Charge Nurse at Hospital X:  "Mrs. Lenaburg, can you find an errand for your husband to do OUTSIDE the hospital, he's s frightening the nurses."
Mrs. Lenaburg (heavy sigh):  "Yes, maybe he should go home and rearrange the refrigerator."
Okay, so maybe I sometimes had my Stalin face on--this is the face reserved for annoying interns, snotty residents, and perky nurses who come bounding into my daughter's hospital room after a night of beeps and alarms, where my daughter is hooked up to more medical devices than the Six Million Dollar Man and have the temerity to say in a cheerful voice "Gooood morning, how is everyone this morning?"  REALLY...before coffee???  Most hospitals are lucky I didn't leave them looking like Omaha Beach after being in that beeping, annoying, weird smelling hospital room on the third day.

Nonetheless, in spite of bills, doctors, hospitals, and....yes...many, many stares from people at malls...yes, not for my good looks and charm mind you, but because we had a kid in a wheelchair who liked to hum by the Godiva Chocolate store...hmmm, wonder where she got that gene?....we did learn a lot from our daughter...her mission in the good Deacon said.

1)  Try and wake up every day with a smile.  SOMEHOW, even after a rough night of seizures, our Courtney managed to wake up smiling and happy.  NOW, this could have been because she was on a medication regimen that would make Keith Richards envious, but I think it was because she knew she had another day on Earth.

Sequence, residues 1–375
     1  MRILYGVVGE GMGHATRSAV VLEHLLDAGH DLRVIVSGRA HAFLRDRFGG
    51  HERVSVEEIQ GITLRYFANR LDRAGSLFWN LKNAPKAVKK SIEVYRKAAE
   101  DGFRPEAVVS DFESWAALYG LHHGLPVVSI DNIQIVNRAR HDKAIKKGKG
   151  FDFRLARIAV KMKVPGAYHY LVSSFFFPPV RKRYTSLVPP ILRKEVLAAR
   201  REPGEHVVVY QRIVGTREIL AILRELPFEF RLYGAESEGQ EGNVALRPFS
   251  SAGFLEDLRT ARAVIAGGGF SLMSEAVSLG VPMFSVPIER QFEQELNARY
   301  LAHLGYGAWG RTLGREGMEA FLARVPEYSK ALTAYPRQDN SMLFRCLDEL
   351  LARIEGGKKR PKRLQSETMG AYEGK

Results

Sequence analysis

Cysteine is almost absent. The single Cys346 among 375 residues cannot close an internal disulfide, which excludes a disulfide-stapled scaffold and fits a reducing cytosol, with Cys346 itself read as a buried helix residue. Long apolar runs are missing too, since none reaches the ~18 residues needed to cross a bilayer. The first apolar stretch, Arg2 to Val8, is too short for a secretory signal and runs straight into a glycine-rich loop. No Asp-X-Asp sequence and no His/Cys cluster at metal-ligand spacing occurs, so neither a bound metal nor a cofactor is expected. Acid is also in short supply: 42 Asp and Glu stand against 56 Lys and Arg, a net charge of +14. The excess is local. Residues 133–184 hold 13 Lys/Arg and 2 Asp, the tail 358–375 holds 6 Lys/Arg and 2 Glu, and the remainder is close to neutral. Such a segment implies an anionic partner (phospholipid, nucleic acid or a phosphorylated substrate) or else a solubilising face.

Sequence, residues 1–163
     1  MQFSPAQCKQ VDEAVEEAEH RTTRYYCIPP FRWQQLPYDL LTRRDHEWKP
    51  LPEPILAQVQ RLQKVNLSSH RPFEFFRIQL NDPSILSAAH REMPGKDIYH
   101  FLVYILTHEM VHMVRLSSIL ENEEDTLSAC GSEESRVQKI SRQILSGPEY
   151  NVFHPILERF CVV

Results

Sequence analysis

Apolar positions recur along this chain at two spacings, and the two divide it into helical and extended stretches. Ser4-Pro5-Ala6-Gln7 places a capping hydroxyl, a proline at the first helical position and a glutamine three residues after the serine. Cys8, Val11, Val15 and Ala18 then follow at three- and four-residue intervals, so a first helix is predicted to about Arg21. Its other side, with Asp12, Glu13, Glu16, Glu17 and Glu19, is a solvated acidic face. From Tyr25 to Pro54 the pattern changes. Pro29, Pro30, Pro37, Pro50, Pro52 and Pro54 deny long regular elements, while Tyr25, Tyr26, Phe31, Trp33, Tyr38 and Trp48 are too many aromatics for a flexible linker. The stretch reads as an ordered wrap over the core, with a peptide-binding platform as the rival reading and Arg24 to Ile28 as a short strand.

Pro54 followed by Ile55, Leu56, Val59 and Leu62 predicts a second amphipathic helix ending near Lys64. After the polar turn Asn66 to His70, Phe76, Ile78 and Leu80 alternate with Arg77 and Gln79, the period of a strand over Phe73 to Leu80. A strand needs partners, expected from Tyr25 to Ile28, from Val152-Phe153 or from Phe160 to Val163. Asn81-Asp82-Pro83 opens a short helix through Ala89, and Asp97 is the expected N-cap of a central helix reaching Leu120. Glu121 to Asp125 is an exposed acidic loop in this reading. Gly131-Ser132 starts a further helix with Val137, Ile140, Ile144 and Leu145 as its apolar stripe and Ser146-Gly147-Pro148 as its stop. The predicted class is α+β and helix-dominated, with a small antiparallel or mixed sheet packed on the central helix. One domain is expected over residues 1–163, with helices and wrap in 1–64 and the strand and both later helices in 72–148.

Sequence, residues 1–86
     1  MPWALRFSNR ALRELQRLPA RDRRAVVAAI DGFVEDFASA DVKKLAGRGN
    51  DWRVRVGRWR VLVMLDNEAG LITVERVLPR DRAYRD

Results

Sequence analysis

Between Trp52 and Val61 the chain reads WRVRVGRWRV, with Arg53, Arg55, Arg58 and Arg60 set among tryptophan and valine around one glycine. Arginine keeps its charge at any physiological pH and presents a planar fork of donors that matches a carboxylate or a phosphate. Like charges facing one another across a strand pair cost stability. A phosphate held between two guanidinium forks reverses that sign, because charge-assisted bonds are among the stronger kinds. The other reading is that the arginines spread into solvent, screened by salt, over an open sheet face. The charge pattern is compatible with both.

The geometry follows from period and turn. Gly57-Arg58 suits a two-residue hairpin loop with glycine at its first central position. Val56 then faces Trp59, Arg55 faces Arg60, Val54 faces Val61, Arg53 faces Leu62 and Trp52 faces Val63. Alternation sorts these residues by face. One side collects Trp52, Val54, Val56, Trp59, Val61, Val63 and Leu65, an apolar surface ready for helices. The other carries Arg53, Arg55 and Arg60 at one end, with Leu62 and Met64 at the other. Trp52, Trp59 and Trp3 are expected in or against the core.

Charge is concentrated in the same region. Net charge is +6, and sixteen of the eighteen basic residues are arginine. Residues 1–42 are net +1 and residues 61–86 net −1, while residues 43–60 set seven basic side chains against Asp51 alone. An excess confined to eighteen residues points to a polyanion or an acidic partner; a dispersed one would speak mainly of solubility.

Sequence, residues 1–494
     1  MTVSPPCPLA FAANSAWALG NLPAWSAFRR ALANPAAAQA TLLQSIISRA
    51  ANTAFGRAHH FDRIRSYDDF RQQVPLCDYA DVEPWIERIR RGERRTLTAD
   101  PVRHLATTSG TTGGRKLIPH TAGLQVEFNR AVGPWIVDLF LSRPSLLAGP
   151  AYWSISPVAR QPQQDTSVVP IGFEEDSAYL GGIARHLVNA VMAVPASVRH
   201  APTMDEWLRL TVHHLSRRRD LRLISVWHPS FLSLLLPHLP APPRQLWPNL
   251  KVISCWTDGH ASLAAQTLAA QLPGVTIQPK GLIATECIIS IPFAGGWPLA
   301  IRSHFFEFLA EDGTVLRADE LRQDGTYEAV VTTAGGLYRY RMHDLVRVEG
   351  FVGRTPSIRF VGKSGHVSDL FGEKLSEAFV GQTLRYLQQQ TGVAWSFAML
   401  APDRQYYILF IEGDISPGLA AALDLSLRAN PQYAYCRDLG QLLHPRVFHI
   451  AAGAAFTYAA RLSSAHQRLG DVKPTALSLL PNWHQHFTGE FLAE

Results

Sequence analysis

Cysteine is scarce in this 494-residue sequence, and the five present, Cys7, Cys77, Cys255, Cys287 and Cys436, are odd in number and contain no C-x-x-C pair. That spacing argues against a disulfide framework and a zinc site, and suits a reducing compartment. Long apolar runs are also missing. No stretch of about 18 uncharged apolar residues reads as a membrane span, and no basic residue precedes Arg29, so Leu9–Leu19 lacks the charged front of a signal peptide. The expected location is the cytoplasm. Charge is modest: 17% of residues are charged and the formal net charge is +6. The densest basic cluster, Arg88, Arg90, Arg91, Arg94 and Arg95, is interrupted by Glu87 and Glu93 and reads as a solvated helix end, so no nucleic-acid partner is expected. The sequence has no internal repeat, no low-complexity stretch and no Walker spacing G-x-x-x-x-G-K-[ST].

2)  Enjoy the little things in life.  Like bacon.  Wow, I did get bacon into this post.  Well done.  Anyway, Courtney loved bacon and eggs.  Really loved them, like eat the spoon love them.  She loved snuggles, story time, and spicy food.  Now, mind you Mom and Dad were not always fond of Courtney eating spicy food, if you catch my drift, but a good meal and some snuggle time is something everyone should look forward too.

3)  Try and spread a smile.  As my wife said, almost everyone smiled around our daughter.  She was an extremely good listener, and I can only assume is working off all the prayer requests everyone gave her in the last week of her time on Earth.

4)  Finally, and MOST importantly, spread a little mischief once in a makes people wonder.  And yes, our daughter was capable of more than her share...whether it was chucking her sippy-cup across the classroom at school (I think she got some stern talking-to from her teacher for that) , back-flipping her shoe three pews at church to wing someone in the head, or sticking out her leg to trip her brother PRECISELY when he was walking by her wheelchair, Courtney had her share of orneriness, as her Grandma would say.

So farewell my sweetness....maybe you didn't have much to do with Clausewitz but you certainly did teach me a lot...even when I didn't want to learn it.


czacza said…
She taught us all do many lessons, Jerry. As did your family's abiding love for her.